Underlying inflation pressures rose in November, which could give the Federal Reserve more confidence to raise interest rates on Wednesday, even as renewed weakness in gasoline prices kept overall U.S. consumer prices in check.

The Labor Department said on Tuesday its so-called core Consumer Price Index, which excludes food and energy, increased 0.2 percent last month. It was the third straight month that the core CPI increased by that margin.

In the 12 months through November, the core CPI rose 2.0 percent, the largest gain since May 2014, after rising 1.9 percent in October. The Fed targets 2 percent inflation and it tracks an index that is running far below the core CPI.

The inflation report was released just hours before Fed officials were due to gather for a two-day meeting. The U.S. central bank is expected to lift its benchmark overnight interest rate from near zero at the end of the meeting on Wednesday, encouraged by a strengthening labor market.

There is optimism that tightening labor market conditions, characterized by a jobless rate now in a range that some Fed

officials view as consistent with full employment, and strong domestic demand will put upward pressure on wages and drive inflation toward its target.

The dollar's pace of appreciation is expected to slow next year, which could ease some of the pressure on goods prices.

U.S. Treasury debt prices fell to session lows, while the dollar rose against a basket of currencies after the data.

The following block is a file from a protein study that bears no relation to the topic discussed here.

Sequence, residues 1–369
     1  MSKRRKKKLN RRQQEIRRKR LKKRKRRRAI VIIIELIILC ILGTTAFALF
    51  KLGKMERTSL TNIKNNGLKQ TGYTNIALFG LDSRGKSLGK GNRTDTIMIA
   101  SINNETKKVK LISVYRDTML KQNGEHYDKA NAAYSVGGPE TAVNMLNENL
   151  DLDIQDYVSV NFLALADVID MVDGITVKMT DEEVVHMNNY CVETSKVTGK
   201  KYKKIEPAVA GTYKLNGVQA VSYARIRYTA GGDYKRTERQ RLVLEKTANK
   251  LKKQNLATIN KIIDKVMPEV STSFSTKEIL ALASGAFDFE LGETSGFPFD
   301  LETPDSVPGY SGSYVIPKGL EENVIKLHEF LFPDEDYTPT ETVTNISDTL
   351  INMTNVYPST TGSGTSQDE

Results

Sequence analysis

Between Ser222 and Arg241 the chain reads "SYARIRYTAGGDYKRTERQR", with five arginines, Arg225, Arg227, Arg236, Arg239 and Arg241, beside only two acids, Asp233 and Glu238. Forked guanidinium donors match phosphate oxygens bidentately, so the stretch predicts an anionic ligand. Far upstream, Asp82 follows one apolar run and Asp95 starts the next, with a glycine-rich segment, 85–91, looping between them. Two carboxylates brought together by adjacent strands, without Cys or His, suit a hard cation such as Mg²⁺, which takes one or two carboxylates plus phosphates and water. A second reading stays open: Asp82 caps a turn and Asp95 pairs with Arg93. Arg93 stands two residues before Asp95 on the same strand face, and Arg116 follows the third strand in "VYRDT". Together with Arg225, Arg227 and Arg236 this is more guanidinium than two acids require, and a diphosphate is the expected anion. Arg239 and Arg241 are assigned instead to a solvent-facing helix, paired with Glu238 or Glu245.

The increase in core CPI last month reflected steady gains in the cost of rents, airline fares, new motor vehicles and medical care. They were, however, offset by falling gasoline prices, leaving the overall CPI unchanged last month after a 0.2 percent increase in October.

In the 12 months through November, the CPI increased 0.5 percent, the largest gain since last December, after rising 0.2 percent in October

Within the core CPI, rents increased 0.2 percent after rising 0.3 percent in October. They were up 3.6 percent in the 12 months through November, reflecting rising demand for rental accommodation as more Americans shun homeownership.

Medical care costs increased 0.4 percent. The cost of doctor visits increased 1.1 percent, while prescription drug prices advanced 0.4 percent. Hospital costs, however, fell 0.2 after rising in October.

But dollar strength, as well as an inventory glut is keeping price increases for some core goods in check. Apparel prices fell 0.3 percent, declining for a third straight month. Prices for new motor vehicles edged up 0.1 percent.

Airline fares increased 1.2 percent after rising 1.5 percent in November. There were also increases in the cost of tobacco, education, communication and motor vehicle insurance.

Energy prices fell 1.3 percent, with gasoline prices dropping 2.4 percent after rising 0.4 percent in October. The cost of electricity, however, increased 0.3 percent. Food prices dipped 0.1 percent, reversing the prior month's gain.

Every major grocery store food group index, except fruits and vegetables, fell last month.

By Lucia Mutikani - Reuters (Editing by Andrea Ricci)